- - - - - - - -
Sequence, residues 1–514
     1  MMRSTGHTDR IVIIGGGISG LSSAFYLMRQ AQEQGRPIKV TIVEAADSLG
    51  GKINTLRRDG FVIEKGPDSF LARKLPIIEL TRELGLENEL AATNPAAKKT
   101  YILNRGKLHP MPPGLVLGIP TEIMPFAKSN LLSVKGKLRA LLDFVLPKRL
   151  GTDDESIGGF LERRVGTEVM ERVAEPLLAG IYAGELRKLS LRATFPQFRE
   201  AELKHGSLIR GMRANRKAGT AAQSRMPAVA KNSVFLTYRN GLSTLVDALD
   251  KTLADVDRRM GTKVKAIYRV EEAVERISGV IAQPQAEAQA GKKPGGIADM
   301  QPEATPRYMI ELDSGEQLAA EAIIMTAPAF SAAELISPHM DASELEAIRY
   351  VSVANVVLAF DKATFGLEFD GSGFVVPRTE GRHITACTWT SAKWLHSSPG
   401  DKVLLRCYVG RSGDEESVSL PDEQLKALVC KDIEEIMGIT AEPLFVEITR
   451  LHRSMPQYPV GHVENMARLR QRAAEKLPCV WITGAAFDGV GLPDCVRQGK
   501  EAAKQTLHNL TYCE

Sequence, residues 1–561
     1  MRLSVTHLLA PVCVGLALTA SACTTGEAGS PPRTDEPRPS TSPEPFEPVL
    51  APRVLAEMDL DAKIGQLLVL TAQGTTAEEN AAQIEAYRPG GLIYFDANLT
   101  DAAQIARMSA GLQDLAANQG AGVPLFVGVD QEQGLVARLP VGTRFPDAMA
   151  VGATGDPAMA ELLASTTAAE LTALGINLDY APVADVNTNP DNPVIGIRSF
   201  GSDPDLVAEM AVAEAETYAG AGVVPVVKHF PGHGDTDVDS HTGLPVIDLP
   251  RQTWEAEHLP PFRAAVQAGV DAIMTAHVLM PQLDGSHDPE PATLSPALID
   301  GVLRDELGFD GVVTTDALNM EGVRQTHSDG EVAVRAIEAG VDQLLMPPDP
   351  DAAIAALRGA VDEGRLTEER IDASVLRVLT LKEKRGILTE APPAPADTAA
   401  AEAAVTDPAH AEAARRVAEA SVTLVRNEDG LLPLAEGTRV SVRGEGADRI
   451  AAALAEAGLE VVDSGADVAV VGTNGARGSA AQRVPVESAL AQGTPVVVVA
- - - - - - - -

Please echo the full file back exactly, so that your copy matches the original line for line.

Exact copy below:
Sequence, residues 1–514
     1  MMRSTGHTDR IVIIGGGISG LSSAFYLMRQ AQEQGRPIKV TIVEAADSLG
    51  GKINTLRRDG FVIEKGPDSF LARKLPIIEL TRELGLENEL AATNPAAKKT
   101  YILNRGKLHP MPPGLVLGIP TEIMPFAKSN LLSVKGKLRA LLDFVLPKRL
   151  GTDDESIGGF LERRVGTEVM ERVAEPLLAG IYAGELRKLS LRATFPQFRE
   201  AELKHGSLIR GMRANRKAGT AAQSRMPAVA KNSVFLTYRN GLSTLVDALD
   251  KTLADVDRRM GTKVKAIYRV EEAVERISGV IAQPQAEAQA GKKPGGIADM
   301  QPEATPRYMI ELDSGEQLAA EAIIMTAPAF SAAELISPHM DASELEAIRY
   351  VSVANVVLAF DKATFGLEFD GSGFVVPRTE GRHITACTWT SAKWLHSSPG
   401  DKVLLRCYVG RSGDEESVSL PDEQLKALVC KDIEEIMGIT AEPLFVEITR
   451  LHRSMPQYPV GHVENMARLR QRAAEKLPCV WITGAAFDGV GLPDCVRQGK
   501  EAAKQTLHNL TYCE

Sequence, residues 1–561
     1  MRLSVTHLLA PVCVGLALTA SACTTGEAGS PPRTDEPRPS TSPEPFEPVL
    51  APRVLAEMDL DAKIGQLLVL TAQGTTAEEN AAQIEAYRPG GLIYFDANLT
   101  DAAQIARMSA GLQDLAANQG AGVPLFVGVD QEQGLVARLP VGTRFPDAMA
   151  VGATGDPAMA ELLASTTAAE LTALGINLDY APVADVNTNP DNPVIGIRSF
   201  GSDPDLVAEM AVAEAETYAG AGVVPVVKHF PGHGDTDVDS HTGLPVIDLP
   251  RQTWEAEHLP PFRAAVQAGV DAIMTAHVLM PQLDGSHDPE PATLSPALID
   301  GVLRDELGFD GVVTTDALNM EGVRQTHSDG EVAVRAIEAG VDQLLMPPDP
   351  DAAIAALRGA VDEGRLTEER IDASVLRVLT LKEKRGILTE APPAPADTAA
   401  AEAAVTDPAH AEAARRVAEA SVTLVRNEDG LLPLAEGTRV SVRGEGADRI
   451  AAALAEAGLE VVDSGADVAV VGTNGARGSA AQRVPVESAL AQGTPVVVVA